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Samsung is about to reveal world’s first stretchable display

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SEOUL: South Korean electronics giant Samsung has decided to unveil the world’s first stretchable display at the Society for Information Display Conference, scheduled to take place tomorrow (23rd May) in USA. 

The manufacturer will showcase its 9.1-inch stretchable OLED panel at the Society for Information Display Conference, Samsung Display spokesperson said.

“While current flexible OLED is able to be transformed in only one side, this stretchable OLED can be transformed – whether curved, bended or rolled – in both sides, above and below,” he said.

According to reports, the new stretchable screen technology represents the latest and most advanced flexible display currently available, and has an array of application.

“When pressed, the stretchable display is dented up to 12 millimetres, like a balloon, and then reverts back to its original shape,” the company said in a statement.

The display technology, however, is still in its nascent stage and may go through more research and development before it is commercialized.

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China Mobile plans to offer 5G commercial services in over 50 cities

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SHANGHAI: Chinese telecom giant China Mobile plans to offer 5G commercial services in over 50 cities this year, the company announced Tuesday.

Over 50,000 5G base stations will be built across the country this year, the company’s chairman Yang Jie told a press conference.

The company aims to expand the 5G commercial services to all Chinese cities above the prefecture level by 2020.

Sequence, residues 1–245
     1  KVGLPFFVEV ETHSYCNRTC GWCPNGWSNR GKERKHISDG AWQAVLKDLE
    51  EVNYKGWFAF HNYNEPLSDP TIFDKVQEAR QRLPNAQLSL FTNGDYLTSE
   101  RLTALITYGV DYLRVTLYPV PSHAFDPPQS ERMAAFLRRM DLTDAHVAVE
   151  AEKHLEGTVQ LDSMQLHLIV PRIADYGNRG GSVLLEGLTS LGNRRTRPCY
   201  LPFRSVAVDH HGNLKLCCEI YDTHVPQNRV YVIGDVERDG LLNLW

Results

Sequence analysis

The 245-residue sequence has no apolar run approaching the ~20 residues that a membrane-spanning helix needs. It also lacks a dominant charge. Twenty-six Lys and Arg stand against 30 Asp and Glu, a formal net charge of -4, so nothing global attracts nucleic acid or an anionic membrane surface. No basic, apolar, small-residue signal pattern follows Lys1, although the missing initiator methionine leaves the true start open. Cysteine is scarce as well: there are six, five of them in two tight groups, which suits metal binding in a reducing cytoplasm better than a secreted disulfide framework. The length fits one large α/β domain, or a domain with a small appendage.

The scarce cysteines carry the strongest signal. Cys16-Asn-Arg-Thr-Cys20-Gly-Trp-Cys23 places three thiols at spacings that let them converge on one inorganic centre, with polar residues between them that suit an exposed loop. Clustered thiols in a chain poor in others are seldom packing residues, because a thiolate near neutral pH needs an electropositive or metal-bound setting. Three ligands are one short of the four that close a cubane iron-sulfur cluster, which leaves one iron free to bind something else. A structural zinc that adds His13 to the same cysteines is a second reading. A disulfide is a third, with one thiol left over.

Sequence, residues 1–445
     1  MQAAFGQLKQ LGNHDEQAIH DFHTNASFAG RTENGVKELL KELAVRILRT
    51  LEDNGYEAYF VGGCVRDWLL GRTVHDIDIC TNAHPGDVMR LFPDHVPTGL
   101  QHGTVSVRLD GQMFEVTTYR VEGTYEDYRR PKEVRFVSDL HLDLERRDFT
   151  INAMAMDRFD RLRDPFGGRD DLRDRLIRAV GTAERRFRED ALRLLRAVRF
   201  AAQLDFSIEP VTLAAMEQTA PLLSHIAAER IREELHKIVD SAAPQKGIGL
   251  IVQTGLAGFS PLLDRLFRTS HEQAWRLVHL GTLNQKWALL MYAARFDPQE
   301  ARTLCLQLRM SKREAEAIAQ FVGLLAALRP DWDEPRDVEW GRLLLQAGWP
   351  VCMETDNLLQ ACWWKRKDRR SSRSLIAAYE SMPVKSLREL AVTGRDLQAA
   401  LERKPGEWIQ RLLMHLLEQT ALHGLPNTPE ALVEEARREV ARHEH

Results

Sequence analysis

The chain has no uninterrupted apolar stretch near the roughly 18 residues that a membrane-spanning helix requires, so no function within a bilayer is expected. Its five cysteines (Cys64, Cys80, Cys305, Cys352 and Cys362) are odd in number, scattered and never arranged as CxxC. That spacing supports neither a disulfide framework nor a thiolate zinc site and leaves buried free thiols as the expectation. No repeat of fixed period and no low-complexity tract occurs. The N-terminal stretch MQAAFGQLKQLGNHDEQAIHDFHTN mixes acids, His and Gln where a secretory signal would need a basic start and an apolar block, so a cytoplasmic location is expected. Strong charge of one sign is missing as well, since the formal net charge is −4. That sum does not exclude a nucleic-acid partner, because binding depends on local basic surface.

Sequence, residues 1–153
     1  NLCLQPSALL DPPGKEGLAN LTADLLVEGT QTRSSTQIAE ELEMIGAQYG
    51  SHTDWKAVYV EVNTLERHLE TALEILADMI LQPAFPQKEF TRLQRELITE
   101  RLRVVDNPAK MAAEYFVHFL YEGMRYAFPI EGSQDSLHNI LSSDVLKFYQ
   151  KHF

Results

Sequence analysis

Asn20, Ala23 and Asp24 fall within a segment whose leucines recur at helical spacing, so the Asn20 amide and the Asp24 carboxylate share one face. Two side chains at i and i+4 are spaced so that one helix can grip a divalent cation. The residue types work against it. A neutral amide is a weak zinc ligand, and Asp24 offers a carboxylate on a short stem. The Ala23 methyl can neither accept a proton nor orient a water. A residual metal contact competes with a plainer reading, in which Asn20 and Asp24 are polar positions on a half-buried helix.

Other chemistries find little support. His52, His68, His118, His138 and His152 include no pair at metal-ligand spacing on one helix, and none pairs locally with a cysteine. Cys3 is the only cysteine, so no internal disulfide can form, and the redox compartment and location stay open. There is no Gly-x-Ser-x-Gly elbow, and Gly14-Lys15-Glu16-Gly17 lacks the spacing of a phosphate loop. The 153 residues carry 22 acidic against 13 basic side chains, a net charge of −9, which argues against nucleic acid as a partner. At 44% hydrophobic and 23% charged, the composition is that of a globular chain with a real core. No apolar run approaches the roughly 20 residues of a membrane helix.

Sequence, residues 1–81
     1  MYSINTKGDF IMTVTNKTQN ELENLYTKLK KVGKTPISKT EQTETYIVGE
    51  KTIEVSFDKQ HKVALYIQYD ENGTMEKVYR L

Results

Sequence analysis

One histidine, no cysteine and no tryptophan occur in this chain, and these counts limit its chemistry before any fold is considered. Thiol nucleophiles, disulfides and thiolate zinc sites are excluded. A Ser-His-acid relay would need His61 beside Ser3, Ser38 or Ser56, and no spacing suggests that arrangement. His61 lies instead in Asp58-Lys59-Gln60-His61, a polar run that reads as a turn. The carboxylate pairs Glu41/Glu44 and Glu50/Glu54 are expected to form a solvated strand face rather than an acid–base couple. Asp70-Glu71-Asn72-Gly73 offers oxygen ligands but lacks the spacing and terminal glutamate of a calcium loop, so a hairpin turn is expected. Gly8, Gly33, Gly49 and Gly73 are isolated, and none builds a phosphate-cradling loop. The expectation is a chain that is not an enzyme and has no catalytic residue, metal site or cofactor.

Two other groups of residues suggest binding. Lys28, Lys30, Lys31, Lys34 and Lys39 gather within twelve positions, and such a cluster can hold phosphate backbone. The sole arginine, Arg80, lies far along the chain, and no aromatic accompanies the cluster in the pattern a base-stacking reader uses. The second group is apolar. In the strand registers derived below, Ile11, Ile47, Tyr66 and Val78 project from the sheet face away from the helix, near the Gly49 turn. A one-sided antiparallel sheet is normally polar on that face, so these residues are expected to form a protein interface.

China Mobile will coordinate the development of 4G and 5G technologies, further integrate 5G technology with state-of-the-art technologies such as artificial intelligence and the Internet of Things, nurture an industrial ecology and expand applications across different sectors, Yang said.

The plan came after China Mobile was granted a commercial-use license for the superfast wireless technology with three other counterparts in early June.

 

 

 

 

 

 

 

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Aussie court rules media companies liable for Facebook comments

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SYDNEY: Media companies are responsible for defamatory comments made on their Facebook pages, an Australian court said in a landmark ruling Monday.

The New South Wales Supreme Court ruled that three media companies were responsible for user comments on a story about an indigenous youth detainee, Dylan Voller, in 2016 and 2017.

Voller claimed that publishers of the Sydney Morning Herald, The Australian and Sky News were responsible for comments on their public Facebook pages — alleging he was a rapist and that he attacked a Salvation Army officer leaving the man blind in one eye.

His lawyers said the comments were defamatory.